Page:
As momentous as the death of Queen Elizabeth II may be after 70 years on the throne, it’s pretty much business as usual in terms of Canada’s governance.
The monarch remains the constitutional head of state in this country, no matter who is filling the role at any given time.
That’s according to Philippe Lagassé, an associate professor of international affairs at Carleton University and an expert on the role of the Crown in the Westminster system of government.
It means the succession from the Queen to her eldest son Charles is automatic, without any disruption to governing bodies that sit in her name or to legislation, oaths and other legal documents issued in her name.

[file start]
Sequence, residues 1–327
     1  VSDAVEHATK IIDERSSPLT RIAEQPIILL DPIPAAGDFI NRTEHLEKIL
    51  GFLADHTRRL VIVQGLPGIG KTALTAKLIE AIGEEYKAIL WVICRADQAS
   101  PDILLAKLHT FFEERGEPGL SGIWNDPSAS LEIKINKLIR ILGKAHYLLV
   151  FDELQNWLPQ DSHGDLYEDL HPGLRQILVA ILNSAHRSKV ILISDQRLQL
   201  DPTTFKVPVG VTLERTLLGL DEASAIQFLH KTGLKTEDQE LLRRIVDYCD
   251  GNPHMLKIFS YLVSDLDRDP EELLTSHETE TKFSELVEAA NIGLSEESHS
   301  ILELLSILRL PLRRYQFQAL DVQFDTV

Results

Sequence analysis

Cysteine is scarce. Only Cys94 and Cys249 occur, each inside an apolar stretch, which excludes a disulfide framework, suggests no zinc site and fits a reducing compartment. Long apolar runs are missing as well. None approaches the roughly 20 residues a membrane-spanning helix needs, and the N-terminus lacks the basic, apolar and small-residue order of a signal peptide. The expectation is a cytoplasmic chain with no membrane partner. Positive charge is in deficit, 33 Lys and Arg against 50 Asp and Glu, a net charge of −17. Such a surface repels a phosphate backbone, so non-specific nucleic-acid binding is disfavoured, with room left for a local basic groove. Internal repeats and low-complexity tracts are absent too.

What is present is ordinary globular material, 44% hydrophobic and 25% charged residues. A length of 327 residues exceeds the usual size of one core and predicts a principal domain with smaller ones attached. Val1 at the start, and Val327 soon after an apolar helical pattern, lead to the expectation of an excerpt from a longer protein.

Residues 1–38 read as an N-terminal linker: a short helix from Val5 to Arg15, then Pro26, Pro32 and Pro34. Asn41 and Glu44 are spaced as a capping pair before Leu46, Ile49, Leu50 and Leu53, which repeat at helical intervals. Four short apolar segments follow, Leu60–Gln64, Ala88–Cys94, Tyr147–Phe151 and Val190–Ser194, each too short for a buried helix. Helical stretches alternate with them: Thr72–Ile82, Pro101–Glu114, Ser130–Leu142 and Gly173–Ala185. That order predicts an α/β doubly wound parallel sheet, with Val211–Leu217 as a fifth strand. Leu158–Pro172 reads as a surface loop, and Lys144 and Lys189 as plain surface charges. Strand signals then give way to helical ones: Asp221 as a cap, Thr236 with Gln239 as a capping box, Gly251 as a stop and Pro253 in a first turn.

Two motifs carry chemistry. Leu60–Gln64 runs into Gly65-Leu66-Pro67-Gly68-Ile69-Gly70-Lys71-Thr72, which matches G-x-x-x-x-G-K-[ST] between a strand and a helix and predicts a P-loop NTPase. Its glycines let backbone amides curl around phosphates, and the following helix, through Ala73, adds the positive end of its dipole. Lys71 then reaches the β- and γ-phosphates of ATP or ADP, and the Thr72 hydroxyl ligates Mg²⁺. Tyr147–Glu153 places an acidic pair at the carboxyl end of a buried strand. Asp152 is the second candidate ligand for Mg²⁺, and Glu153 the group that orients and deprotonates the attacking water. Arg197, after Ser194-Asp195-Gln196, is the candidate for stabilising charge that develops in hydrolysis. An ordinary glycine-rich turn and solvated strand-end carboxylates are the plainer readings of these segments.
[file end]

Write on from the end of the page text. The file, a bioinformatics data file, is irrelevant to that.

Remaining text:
Lagasse says this transition does not require any action on Canada’s part.
He adds the phrase ‘The Queen is dead, long live the King!’ applies here and in the U-K.”
Lagasse says in common law, the Queen and King are “the same legal person” because the Crown is what is known as a “corporation sole.”
Any legal documents and instruments issued in the name of the Queen or that mention the Queen will apply and be understood to be from the King.
That includes oaths of allegiance to the monarch, which are required in a host of cases, including becoming a member of Parliament or a member of the Canadian Armed Forces or a Canadian citizen.